Conscious Choice cover

From the press release: In this ground-breaking new history of early America, historian Robert Zimmerman not only exposes the lie behind The New York Times 1619 Project that falsely claims slavery is central to the history of the United States, he also provides profound lessons about the nature of human societies, lessons important for Americans today as well as for all future settlers on Mars and elsewhere in space.

Conscious Choice: The origins of slavery in America and why it matters today and for our future in outer space, is a riveting page-turning story that documents how slavery slowly became pervasive in the southern British colonies of North America, colonies founded by a people and culture that not only did not allow slavery but in every way were hostile to the practice.  
Conscious Choice does more however. In telling the tragic history of the Virginia colony and the rise of slavery there, Zimmerman lays out the proper path for creating healthy societies in places like the Moon and Mars.


“Zimmerman’s ground-breaking history provides every future generation the basic framework for establishing new societies on other worlds. We would be wise to heed what he says.” —Robert Zubrin, founder of founder of the Mars Society.


Available everywhere for $3.99 (before discount) at Amazon, Barnes & Noble, and all ebook vendors, or direct from the ebook publisher, ebookit. And if you buy it from ebookit you don't support the big tech companies and I get a bigger cut much sooner.

More weird features and changes on Mars

Some strange stuff on Mars
Click for full 2020 photo.

Overview map

Cool image time! The photo to the right, rotated, cropped, reduced, and annotated to post here, was taken on September 28, 2020 by the high resolution camera on Mars Reconnaissance Orbiter (MRO). Uncaptioned and labeled “Reticulate Bedform Change Detection on Arsia Mons West Flank,” it shows a whole bunch of strange features in addition to a change that occurred sometime in the past two years.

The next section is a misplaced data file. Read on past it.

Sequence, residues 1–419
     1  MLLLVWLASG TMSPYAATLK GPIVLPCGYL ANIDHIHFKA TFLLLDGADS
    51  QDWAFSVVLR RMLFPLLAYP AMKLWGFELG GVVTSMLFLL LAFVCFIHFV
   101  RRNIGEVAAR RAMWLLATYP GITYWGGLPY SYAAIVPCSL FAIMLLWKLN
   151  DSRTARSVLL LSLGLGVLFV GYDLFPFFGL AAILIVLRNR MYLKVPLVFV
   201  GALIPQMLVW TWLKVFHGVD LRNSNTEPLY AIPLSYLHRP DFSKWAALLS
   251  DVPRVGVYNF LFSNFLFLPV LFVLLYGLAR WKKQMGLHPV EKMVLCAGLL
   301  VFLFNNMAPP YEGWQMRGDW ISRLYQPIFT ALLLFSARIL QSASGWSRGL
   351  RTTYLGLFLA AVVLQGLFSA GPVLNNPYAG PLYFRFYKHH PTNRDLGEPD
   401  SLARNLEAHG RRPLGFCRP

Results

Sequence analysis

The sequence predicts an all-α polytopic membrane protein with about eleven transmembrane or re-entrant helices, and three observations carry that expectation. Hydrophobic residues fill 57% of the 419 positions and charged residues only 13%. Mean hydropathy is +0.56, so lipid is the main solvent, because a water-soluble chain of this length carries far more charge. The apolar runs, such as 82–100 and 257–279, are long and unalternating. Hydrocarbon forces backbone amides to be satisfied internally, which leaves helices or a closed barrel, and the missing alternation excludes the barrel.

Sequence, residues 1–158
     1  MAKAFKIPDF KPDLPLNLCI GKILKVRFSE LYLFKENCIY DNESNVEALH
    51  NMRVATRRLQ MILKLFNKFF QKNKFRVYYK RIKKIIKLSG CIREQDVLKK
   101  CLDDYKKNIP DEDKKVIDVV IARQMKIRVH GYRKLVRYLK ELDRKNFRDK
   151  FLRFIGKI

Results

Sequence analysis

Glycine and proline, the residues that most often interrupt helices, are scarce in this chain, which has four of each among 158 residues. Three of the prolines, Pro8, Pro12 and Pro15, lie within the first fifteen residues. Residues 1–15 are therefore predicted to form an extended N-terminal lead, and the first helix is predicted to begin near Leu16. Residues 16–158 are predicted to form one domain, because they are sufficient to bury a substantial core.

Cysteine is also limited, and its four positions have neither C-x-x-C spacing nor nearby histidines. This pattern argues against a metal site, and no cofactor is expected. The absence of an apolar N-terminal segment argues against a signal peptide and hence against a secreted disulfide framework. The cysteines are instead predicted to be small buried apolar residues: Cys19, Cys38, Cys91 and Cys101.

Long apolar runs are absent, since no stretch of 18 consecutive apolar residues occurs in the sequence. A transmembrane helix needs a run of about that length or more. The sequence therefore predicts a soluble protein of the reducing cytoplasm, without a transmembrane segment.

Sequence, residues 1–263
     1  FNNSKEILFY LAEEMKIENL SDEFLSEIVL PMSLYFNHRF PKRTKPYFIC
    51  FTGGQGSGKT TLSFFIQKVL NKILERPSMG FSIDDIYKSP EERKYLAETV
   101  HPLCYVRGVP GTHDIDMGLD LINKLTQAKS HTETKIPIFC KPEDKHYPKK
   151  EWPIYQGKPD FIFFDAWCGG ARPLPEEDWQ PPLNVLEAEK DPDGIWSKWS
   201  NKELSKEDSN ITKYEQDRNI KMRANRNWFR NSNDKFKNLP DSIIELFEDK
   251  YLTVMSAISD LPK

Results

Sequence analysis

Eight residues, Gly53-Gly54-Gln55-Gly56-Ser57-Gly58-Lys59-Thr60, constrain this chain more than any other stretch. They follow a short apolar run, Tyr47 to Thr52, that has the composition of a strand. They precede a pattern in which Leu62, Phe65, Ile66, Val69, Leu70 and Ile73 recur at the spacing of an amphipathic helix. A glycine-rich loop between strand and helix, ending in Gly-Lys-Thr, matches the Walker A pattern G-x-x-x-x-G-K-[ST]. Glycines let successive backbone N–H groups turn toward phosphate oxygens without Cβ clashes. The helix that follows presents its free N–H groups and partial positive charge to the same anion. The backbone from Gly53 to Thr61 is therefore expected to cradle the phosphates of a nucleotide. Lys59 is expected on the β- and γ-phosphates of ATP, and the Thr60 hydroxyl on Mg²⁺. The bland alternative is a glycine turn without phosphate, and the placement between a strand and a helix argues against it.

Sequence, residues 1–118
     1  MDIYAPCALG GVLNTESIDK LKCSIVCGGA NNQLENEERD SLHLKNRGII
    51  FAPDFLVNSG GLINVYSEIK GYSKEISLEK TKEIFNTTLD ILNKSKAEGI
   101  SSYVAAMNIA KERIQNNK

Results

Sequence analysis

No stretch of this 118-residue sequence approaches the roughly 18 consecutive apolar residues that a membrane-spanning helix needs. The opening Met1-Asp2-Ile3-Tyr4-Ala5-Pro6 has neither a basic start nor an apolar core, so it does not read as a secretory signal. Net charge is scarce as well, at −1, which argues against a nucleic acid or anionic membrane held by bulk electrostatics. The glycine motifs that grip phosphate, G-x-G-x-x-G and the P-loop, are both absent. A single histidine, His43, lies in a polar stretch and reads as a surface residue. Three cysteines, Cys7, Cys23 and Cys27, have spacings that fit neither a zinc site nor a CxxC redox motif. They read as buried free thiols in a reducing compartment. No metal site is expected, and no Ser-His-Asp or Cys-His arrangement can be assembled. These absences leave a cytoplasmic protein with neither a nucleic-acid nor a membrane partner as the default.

I think it also well illustrates in one image how alien Mars is.

The main features in this photo are what scientists have dubbed reticulate bedforms. These features, found mostly in the high elevations on the flanks of the giant volcanoes in the Tharsis Bulge to the west of Valles Marineris, are thought to be ancient dunes made of volcanic dust and debris that has solidified into an aggregate. These dunes are found with a variety of patterns.

Aggregates on the flanks are transported downslope by katabatic winds and form linear and “accordion” morphologies. Materials within the calderas and other depressions remain trapped and are subjected to multidirectional winds, forming an interlinked “honeycomb” texture. In many places on and near the volcanoes, light-toned, low thermal inertia yardangs and indurated surfaces are present.

The photo to the right appears to show all three patterns, even though it is located on the northwestern slopes of of Arsia Mons, the southernmost of the string of three giant volcanoes in the Tharsis Bulge. On the overview map to the right, this photo’s location is indicated by the white box. The black boxes indicate the location of all the pits caves that surround Arsia Mons which I have previously posted about on Behind the Black.

It is intriguing that, at least at this point, these particular reticulate bedforms on the slopes of Arsia Mons happen to be in a region where few cave pits have so far been identified. It could be that the conditions that form each are mutually exclusive. If you get pits on the slopes of Martian volcano you can’t have reticulate bedforms. Or maybe not all the pits have yet been located, or the flanks of the volcano has many more reticulate bedforms that I simply have not documented.

Either way, this particular cool image has two areas of interest, as noted by the white boxes above.

Image from October 2018 before change
Click for full October 2018 photo.

Hardened dunes with decaying tops

The first, near the top, highlights the detected change that occurred sometime in the past two Earth years. The arrows in the 2020 photo above point to the same two distinct mounds in the 2018 photo to the right. Between these mounts a large dark slope streak has appeared.